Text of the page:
Sacramento Approves Term Sheet For Downtown Arena; NBA Owners Set To Vote
The Sacramento City Council yesterday voted 7-2 in favor of a "nonbinding term sheet" for a $448M arena at Downtown Plaza, according to a front-page piece by Kasler, Lillis & Bizjak of the SACRAMENTO BEE. The city will contribute $258M, "most of it by borrowing against future revenue generated by downtown parking meters and garages." The city would borrow $212M "against future parking revenue," while much of the rest of the financing "would come from donating city land" worth $38M to the investor group consisting of Penguins co-Owner Ron Burkle, 24 Hour Fitness co-Founder Mark Mastrov, Warriors Vice Chair Vivek Ranadivé and Qualcomm Owner the Jacobs family. None of the investors "appeared at the council meeting." The arena proposal and the bid to buy the team itself will be presented in N.Y. on April 3 to "a select committee of NBA owners, who will weigh Sacramento's plan alongside a competing offer from Seattle." All NBA owners will then meet April 18 "to vote on whether the team should stay or go." Sacramento Mayor Kevin Johnson said that he "immediately texted the voting results to NBA Commissioner David Stern, but the commissioner was apparently asleep." The vote "brought a standing ovation and chants of 'Sacramento!' from the Kings fans" in attendance (SACRAMENTO BEE, 3/27). The Sacramento Bee's Ailene Voisin wrote on her Twitter feed, "Ron Burkle spokesman says all major investors will be in new york to address owners."
WHATCHA THINK? Sacramento City Council members said that they were "swayed by the potential for a grand revival of downtown." But the two council members who voted against the proposal, Kevin McCarty and Darrell Fong, said that the plan "amounted to an overly generous subsidy that could bring the city enormous misfortune if arena revenue doesn't pan out as projected." City Treasurer Russ Fehr said, "There's very minimal risk to the city's general fund" (SACRAMENTO BEE, 3/27). Council member Steve Hansen said, "I think this is the best investor group we've ever had come to the table. This is our opportunity. This is our moment. This could be the golden age of Sacramento that we are bringing." McCarty said he would support the deal if it was "a Seattle-like deal with a 40 percent city contribution with a return on our investment. Is the deal good enough? For me, it is not. The risks, I believe, outweigh the rewards" (SACRAMENTO BEE, 3/27).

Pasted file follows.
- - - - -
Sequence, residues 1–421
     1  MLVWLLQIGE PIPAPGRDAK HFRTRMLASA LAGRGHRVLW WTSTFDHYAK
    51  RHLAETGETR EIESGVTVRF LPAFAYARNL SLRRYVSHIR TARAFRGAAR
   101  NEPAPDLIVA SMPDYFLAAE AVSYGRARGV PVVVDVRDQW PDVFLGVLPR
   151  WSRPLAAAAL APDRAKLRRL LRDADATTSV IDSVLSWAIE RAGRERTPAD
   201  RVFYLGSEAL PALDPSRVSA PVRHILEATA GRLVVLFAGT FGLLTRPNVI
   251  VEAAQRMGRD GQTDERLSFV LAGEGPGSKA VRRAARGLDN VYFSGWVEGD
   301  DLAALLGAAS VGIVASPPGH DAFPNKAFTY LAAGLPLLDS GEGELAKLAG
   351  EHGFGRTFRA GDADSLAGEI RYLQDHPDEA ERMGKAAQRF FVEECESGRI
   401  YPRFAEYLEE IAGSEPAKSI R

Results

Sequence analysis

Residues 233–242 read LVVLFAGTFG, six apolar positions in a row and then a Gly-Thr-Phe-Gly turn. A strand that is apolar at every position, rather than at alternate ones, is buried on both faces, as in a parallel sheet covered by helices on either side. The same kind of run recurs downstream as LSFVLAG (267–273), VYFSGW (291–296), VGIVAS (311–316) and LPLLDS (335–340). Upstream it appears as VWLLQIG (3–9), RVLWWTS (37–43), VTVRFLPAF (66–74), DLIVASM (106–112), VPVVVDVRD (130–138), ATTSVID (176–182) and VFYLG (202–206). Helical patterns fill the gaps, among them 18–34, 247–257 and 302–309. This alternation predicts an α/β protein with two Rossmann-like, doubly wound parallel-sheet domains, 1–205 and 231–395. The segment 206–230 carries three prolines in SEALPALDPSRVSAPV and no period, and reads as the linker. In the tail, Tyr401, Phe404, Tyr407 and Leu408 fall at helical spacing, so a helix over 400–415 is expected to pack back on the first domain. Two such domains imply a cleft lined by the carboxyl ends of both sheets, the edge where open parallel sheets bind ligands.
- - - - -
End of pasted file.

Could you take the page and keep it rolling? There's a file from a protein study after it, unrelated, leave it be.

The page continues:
BUILDING OUT: The AP's Tracie Cone notes the arena term sheet includes a 35-year "non-relocation agreement with two five-year extensions that would keep the Kings in the city until the last quarter of the century." Development partners "compared their vision of a downtown arena to other projects that have revitalized urban areas" such as Barclays Center and Staples Center. Barclays Center architect AECOM was "tapped to build" the new Kings arena. Development around the arena would "include 475,000 in office space, 300,000 in retail space, 250 hotel rooms and 600 housing units" (AP, 3/27).